Modification of cattle grazing distribution with dehydrated molasses supplement.

Bailey, D.W.
Welling, G.R.
Rangeland Ecology & Management / Journal of Range Management Archives
Publication Year: 
A study was conducted in foothill rangelands during the fall to determine if livestock grazing distribution could be improved by strategic placement of dehydrated molasses supplement blocks (30% crude protein). Three pastures were categorized into inaccessible, easy, moderate, and difficult terrain. Moderate and difficult terrain was further divided into 27 to 55 ha subunits (n=32) and randomly assigned to control or supplement treatments. Every 7 to 10 days supplement and salt were moved; then the new supplement and control subunits were evaluated. Cattle use of the control and supplement subunits was compared by measuring forage utilization and fecal pat abundance both before supplement and salt placement and after removal. Measurements were collected near randomly selected sites within both control and supplement subunits. Salt was placed at half of the sites in both subunits while dehydrated molasses blocks were placed at sites only in the supplement subunit. Average daily supplement intake was lower (p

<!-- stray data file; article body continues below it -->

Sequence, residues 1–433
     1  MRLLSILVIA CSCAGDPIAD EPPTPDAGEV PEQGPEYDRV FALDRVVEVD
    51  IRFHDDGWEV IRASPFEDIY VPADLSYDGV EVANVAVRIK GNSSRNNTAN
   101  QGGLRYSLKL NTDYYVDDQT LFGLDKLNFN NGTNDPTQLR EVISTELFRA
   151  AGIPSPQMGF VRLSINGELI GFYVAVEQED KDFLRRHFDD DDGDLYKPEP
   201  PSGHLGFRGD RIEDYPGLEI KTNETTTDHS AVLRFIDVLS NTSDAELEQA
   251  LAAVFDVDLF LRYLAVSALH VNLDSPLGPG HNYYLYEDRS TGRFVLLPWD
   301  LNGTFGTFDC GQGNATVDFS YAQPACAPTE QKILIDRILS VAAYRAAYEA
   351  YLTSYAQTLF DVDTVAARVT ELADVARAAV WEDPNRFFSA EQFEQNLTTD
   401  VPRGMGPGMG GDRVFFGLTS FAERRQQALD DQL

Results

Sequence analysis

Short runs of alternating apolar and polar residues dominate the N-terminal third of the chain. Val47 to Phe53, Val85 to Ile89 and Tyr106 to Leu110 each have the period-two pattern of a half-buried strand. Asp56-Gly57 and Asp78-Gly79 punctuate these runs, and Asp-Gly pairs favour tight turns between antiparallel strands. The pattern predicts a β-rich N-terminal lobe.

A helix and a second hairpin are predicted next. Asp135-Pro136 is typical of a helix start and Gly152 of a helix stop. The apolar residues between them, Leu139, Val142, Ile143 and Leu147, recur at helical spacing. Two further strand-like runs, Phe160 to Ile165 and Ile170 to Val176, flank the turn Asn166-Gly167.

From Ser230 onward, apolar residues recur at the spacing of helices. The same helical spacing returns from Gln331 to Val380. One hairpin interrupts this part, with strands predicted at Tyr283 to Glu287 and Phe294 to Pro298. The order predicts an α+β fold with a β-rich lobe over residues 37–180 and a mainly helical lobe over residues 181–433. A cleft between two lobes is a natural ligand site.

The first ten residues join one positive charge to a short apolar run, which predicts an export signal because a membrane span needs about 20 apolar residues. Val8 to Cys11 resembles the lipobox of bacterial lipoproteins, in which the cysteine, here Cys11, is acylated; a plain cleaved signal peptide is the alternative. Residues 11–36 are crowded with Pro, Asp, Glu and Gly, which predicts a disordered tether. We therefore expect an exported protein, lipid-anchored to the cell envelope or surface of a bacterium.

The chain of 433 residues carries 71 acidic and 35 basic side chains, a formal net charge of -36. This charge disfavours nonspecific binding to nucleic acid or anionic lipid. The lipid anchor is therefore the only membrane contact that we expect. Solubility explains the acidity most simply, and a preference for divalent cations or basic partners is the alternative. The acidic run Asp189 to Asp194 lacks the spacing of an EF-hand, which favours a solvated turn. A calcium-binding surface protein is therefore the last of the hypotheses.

Document Type: 
Journal Issue/Article
Society for Range Management

Rangeland Ecology & Management (formerly the Journal of Range Management) serves as a forum for the presentation and discussion of facts, ideas, and philosophies pertaining to the study, management, ecology, and use of rangelands and their resources. The journal is peer-reviewed and provides international exchange of scholarly research and information among persons interested in rangelands. The Global Rangelands collection includes REM content up to 5 years from the current year. More recent content is available by subscription from BioOne and the Society for Range Management, and may be available at your local university library.
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